Respect for Law and Judicial power.(Opinion &Amp; Editorial)

Article excerpt

THE seeming indecision with which members of the House of Representatives reacted to the Supreme Court ruling that makes possible the extradition of Rep. Mark Jimenez to the United States underscores the far-reaching and complex impact of judicial authority.

While asserting that the House leadership will bow only to the decision of the majority of its members, only about 70, so far, of its 250 memberships have indicated their intention to challenge the High Court's decision for being violative of the principle of separation of powers of the three branches of government.


House Assistant Majority Leader Francis Escudero, spokesman on the issue, has also expressed concern over a constitutional crisis which might result from the ruling.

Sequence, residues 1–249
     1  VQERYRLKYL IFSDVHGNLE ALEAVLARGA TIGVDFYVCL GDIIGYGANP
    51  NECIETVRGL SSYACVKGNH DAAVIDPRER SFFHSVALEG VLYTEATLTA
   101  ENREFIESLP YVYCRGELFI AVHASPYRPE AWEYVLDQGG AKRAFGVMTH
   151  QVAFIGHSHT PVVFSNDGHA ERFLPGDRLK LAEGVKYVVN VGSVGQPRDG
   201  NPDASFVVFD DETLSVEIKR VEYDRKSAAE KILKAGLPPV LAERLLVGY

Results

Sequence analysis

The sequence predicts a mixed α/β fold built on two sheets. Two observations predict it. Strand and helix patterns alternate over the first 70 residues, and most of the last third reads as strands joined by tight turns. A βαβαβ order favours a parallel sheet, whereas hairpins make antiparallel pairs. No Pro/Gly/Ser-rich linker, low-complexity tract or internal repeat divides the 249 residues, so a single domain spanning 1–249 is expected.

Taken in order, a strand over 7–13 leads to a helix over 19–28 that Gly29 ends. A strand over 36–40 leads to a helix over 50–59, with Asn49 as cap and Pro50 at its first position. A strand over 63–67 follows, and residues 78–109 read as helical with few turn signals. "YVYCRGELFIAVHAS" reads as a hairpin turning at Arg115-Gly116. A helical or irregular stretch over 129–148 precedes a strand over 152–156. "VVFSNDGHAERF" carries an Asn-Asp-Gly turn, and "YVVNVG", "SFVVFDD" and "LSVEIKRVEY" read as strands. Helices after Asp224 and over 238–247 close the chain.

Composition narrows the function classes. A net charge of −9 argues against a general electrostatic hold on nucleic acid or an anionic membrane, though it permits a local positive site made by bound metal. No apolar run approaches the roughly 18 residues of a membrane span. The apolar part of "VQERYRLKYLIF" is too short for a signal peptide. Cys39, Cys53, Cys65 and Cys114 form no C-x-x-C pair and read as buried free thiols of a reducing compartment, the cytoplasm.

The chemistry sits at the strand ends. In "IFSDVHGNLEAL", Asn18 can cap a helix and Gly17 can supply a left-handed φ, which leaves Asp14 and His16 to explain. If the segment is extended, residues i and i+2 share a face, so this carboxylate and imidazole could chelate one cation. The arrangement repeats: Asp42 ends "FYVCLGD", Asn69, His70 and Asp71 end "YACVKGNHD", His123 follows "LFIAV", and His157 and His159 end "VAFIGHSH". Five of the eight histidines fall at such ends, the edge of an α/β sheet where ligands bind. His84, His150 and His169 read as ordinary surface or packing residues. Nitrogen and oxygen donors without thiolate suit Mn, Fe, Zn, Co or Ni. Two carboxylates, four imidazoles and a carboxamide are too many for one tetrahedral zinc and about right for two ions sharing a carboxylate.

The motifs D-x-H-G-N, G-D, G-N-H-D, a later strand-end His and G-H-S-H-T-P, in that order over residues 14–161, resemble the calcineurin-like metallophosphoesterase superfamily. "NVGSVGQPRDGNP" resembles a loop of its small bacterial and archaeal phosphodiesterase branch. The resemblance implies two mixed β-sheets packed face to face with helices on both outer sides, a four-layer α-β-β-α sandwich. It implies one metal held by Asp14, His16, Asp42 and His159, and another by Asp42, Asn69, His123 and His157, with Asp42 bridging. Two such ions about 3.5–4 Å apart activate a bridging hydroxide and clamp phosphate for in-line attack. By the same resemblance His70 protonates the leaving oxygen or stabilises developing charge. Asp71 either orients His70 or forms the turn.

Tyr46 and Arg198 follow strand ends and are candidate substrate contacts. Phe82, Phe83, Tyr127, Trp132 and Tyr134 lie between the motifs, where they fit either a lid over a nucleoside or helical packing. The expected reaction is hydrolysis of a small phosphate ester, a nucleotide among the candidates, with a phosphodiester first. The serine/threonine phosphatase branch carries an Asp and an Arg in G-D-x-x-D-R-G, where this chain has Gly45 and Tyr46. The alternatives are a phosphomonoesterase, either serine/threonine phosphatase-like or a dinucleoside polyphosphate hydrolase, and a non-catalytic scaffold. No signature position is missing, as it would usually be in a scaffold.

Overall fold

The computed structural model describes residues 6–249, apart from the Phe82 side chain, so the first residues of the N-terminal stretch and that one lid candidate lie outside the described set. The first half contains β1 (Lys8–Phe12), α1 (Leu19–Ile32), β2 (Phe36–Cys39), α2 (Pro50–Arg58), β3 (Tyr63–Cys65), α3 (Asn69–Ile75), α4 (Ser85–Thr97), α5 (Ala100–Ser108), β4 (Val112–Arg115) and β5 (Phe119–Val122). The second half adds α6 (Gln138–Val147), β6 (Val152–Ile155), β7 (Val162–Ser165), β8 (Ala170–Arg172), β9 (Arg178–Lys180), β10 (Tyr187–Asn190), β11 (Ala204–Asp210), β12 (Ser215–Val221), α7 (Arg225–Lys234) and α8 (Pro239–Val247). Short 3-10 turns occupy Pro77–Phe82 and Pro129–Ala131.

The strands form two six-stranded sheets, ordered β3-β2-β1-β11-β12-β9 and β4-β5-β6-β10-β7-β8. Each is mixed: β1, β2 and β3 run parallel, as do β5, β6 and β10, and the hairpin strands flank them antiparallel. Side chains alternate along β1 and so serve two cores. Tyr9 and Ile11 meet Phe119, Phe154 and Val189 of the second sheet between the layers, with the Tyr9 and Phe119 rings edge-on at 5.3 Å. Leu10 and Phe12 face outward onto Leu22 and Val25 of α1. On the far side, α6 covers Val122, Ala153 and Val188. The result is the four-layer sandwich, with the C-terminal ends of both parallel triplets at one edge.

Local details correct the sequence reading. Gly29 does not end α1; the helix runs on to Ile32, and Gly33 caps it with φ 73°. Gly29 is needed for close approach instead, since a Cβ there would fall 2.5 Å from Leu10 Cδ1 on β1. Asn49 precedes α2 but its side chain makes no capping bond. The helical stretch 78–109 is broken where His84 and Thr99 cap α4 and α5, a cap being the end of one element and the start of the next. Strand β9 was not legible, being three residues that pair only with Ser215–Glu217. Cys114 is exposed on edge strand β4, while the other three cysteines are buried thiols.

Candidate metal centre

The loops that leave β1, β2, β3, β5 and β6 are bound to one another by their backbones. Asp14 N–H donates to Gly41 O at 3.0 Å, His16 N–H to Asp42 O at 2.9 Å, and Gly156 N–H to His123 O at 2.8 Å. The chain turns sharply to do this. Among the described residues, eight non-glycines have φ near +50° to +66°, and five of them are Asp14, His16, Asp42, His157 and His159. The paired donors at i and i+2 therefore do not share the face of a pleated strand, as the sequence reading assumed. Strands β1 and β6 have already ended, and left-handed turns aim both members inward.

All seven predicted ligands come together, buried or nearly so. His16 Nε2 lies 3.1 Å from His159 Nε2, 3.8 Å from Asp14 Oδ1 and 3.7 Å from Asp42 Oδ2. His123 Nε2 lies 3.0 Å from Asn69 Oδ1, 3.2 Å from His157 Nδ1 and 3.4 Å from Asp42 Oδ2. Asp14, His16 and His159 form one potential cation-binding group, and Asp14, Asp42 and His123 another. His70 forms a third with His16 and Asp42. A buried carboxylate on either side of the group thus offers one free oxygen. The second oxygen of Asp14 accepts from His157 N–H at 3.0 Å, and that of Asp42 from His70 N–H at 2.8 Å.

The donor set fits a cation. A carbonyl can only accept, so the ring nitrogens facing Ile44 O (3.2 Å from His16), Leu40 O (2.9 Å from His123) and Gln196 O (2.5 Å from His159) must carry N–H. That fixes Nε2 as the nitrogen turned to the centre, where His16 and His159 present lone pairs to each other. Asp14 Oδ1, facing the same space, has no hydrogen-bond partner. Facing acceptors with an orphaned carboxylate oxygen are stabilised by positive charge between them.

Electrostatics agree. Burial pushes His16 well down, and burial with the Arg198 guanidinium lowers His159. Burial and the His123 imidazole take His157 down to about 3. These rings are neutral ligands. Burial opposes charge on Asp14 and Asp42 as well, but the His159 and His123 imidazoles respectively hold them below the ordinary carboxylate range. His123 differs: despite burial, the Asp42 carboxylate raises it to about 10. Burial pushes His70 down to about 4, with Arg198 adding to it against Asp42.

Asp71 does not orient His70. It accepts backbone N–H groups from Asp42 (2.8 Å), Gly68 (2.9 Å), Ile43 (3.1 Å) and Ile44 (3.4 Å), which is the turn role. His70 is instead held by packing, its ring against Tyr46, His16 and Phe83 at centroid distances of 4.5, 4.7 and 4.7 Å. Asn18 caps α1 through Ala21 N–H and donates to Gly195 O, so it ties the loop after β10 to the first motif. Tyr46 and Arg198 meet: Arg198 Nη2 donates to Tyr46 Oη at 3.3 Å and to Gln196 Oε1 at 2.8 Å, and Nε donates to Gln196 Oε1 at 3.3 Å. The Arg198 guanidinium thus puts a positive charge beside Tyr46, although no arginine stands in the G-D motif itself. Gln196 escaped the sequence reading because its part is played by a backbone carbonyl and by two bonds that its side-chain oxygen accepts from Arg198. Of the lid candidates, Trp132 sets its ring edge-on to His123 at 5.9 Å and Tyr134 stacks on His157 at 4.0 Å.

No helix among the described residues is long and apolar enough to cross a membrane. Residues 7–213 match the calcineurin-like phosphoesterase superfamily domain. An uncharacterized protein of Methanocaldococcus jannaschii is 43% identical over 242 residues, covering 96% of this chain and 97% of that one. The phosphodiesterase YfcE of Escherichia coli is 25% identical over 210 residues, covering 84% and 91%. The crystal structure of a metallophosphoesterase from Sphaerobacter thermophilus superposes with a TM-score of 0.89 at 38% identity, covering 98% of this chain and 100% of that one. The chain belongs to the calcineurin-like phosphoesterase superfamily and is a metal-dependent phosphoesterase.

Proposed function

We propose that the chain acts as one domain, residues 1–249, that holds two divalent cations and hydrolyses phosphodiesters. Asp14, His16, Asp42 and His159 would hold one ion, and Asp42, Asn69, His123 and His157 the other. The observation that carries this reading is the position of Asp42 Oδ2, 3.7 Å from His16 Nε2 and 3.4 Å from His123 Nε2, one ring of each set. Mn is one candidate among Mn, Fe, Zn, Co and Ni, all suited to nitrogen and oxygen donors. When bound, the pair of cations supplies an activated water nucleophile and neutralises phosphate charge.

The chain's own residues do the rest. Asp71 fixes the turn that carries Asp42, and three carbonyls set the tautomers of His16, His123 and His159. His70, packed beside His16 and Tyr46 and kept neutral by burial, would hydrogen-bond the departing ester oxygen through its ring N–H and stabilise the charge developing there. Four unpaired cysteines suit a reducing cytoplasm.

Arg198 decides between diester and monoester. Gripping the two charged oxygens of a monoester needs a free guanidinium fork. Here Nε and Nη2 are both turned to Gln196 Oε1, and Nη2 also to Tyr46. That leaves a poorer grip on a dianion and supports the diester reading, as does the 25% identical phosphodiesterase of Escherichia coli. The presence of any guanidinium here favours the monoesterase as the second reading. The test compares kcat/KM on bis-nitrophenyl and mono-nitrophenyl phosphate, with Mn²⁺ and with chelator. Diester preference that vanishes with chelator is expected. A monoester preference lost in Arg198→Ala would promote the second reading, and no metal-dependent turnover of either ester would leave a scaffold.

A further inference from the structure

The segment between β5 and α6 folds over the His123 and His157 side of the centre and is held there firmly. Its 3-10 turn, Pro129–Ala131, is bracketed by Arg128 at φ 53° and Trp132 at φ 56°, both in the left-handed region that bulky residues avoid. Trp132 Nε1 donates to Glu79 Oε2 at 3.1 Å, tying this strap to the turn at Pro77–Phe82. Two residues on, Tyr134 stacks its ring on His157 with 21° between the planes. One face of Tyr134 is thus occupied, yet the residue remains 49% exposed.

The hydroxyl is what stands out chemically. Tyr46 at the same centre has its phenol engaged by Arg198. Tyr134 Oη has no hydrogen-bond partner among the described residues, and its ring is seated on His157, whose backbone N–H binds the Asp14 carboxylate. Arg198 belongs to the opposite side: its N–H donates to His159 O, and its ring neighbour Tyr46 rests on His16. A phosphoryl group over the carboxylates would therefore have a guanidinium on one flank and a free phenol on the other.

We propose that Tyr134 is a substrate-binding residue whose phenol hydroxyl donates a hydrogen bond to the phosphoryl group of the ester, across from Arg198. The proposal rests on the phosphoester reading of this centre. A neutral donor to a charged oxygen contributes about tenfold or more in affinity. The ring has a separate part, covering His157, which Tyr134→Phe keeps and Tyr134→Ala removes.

"Among the questions to be raised on extradition is whether it is exempted from the Bill of Rights provision," the administration House leader declared.

Escudero argued that the Supreme Court canceled the Manila lawmaker's P1 million bail posted at the Manila Regional Trial Court although the alleged crime was committed outside of the Philippines and not against Filipinos.


Under the Bill of Rights (Sec. 13) "All persons, except those charged with offenses punishable by reclusion perpetua when the evidence of guilt is strong, shall, before conviction, be bailable by sufficient sureties or released on recognizance even when the privilege of habeas corpus is suspended. Excessive bail shall not be required."

Simply, the grant of bail means the release of an accused from custody. Without bail a person can be arrested and thrown in jail while his case is being heard. …